The following notes are intended to be sufficient to enable you to tackle simple garden-wall type projects. For your first attempt at
laying bricks, it is a good idea either to build your wall dry, or
make up a mix of soft sand and water so that you can practise spreading
The mortar and bricks
Real mortar should never turn out too hard when set, in fact never
harder than the bricks it bonds. One part cement to five of clean
soft sand, plus a plasticiser is a good average mix. The plasticiser
makes the mortar 'buttery' and easier to handle and adds extra adhesion.
Never make the mix too sloppy or you'll have problems handling it
and it will be squeezed out by the weight of the bricks and mark your
Mortar has a limited life; one and a half to two hours is about the
limit, and once it stiffens should never be 'knocked up' again with
water. When it starts to stiffen throw it away. There are all kinds
of brick, but for most projects medium density facing bricks will
do. Avoid really soft bricks which soon break down if exposed to the
elements. Bricks for foundation work which is to be hidden away could
be common bricks, but choose sound ones.
Choose your bond
If you look at any brickwork you will see that the vertical joints
are staggered so that no two line up. The simplest bond is the stretcher
bond, and using standard bricks 22.5 cm x 11.25 cm x 7.5 cm (allowing
1 cm joints) to produce a wall, you produce a wall 11.25 cm thick.
The size given includes a thickness of mortar, so the brick is in
fact slightly smaller than quoted. A wall produced in this bond would
not be very strong, so if it is more than about 38 cm high, pillars
need to be built into the wall to add support. These will be 22.50
cm by 22.50 cm and the addition of pillars will involve the cutting
of half-bricks (referred to as 'queen closers').
If you turn a corner in this bond, rather than build a pillar it is
probably better to just interlocks as illustrated.
Where a stronger wall is required you can build a double thickness
wall (22.50 cm), and this needs no strengthening. You can also use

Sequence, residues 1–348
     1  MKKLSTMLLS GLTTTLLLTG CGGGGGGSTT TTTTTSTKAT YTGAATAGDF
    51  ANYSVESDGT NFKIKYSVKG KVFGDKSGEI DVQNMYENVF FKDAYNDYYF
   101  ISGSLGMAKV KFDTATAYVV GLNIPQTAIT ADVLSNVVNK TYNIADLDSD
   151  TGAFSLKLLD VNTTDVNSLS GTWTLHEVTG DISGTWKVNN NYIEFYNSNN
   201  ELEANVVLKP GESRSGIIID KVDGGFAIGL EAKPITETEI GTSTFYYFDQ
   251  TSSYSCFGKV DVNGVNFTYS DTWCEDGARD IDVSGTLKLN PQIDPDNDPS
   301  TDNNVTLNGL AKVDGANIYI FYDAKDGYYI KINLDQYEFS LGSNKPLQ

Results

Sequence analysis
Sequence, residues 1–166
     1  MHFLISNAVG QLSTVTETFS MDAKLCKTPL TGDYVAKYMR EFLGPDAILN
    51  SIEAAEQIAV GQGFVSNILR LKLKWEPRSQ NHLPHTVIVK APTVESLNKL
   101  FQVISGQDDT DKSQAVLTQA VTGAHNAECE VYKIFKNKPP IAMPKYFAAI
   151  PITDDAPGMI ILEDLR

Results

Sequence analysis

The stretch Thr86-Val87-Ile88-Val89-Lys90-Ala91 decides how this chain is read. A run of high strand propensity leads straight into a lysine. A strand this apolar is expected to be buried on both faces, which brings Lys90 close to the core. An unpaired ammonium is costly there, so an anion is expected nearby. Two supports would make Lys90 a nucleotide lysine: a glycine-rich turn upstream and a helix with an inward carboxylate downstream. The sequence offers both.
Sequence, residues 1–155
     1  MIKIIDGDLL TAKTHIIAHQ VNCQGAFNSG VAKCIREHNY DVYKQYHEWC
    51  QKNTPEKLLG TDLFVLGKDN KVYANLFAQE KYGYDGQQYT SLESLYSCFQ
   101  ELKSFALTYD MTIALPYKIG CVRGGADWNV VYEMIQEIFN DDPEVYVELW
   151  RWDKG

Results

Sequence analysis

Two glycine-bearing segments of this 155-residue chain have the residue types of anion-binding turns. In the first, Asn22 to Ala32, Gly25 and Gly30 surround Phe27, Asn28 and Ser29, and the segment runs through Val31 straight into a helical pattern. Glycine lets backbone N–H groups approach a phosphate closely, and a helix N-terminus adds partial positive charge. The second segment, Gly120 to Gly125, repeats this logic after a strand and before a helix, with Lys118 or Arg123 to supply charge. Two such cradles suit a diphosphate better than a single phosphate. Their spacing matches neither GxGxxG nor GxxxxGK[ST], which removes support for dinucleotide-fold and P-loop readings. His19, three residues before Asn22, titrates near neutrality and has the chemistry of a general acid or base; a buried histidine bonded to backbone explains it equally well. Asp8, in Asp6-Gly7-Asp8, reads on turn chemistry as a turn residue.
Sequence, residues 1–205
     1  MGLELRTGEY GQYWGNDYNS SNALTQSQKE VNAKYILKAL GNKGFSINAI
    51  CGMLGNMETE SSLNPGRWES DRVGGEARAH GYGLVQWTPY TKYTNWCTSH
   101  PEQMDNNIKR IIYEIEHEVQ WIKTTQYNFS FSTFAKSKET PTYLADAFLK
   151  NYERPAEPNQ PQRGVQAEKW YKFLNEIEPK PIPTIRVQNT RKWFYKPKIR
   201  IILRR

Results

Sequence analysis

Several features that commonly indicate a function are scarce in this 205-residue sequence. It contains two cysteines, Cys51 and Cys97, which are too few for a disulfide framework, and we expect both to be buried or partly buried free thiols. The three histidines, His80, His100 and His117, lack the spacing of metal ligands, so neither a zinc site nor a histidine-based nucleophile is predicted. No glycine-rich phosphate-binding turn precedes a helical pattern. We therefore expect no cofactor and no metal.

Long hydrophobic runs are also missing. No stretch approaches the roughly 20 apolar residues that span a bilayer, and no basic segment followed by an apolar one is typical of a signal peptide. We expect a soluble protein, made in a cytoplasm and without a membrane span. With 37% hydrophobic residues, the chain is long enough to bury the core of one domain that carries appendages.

more decorative bonds (i.e. English or Flemish bonds) than for a half
brick wall. These involve the stretcher bond already mentioned plus
headers (bricks laid across the width of the wall). English garden
wall bond is really a modification of another bond and it consists
of one course of headers to three of stretchers. It produces an interesting
and fairly economical wall. With this bond you will note that a piece
about 5.6 cm wide (called a queen closer) has to be placed next to
the corner header bricks.
Bricks are cut using a wide blade chisel called a bolster, and the
bolster is tapped firmly with a club hammer. Grooves are nicked in
both sides of the brick, then a good sharp tap will split the brick
along the cuts. Having said that, practise for a while with old bricks
until you get the knack.
The most important part of any wall is its foundation, and if this
is out of true, you will have a hard job producing a wall. Always
cut your foundations horizontal, on sloping ground this may involve
stepping them to accommodate the slope, make each step equivalent
to a whole number of bricks plus mortar. And the foundation must be
strong enough to bear the weight of the wall. For a light garden wall,
30 cm deep should be sufficient if the soil is firm and well drained.
But on unstable or weak ground, make the depth 46 cm. Make the trench
twice the width of the brickwork. Lay a concrete footing of, say,
1 cement, 6 ballest to a depth of about 15cm (6 inch) in the bottom
of the trench. (See our page giving details for foundations for more
Laying the bricks
When you come to actual laying, you will note that your bricks have
an indent on one face, called a 'frog'. The brick should be laid with
the frog up, this will ensure that the frog is then filled with mortar
as work progresses and no voids are left within the wall.
With your foundations laid, mix enough mortar for an hour and stack
bricks near the job. Place some mortar on your mortar board and you
are ready to start. Lay a course of bricks dry first to see the work
fits in the given space. Open or close joints slightly if necessary
rather than have to cut bricks. Start with a corner brick and bed
it in mortar, run a line from the laid brick to the opposite corner
of the wall. Lay a second brick a metre or so along the line then
checked with the spirit level. Then fill in between bricks. Proceed
in this way until the far corner or end is reached. The first course
must be straight and true!
When you've laid a number of bricks, you need to check and adjust
them. The four checks are (in order):
Gauge - use the gauge rod to
make sure that the corner brick is the correct height.
Level - use the spirit level
to check that the row of bricks is horizontal. Don't try to level
each individual brick.
Plumb - Use the spirit level
to make sure the wall is vertical.
Straight - use a straight edge
horizontally along the face of the wall and adjust so that they are
all in line.
When you first start bricklaying, you may want to check and adjust
and then check it all again. After a little experience, you'll be
quite confident to just check and adjust once.
Bricks are mass produced and are not perfectly square, so you won't
get a perfect level along the top of the bricks or a straight line
along the face.
Now building up the corners, checking each course (Gauge, Level, Plumb
and Straight). With the corners built, you can fill in the rest of
the wall using a line between the corners.
The actual joints may look a little ragged, so as the mortar stiffens,
strike the joints as required.
This article is reproduced
courtesy of DIYdata.com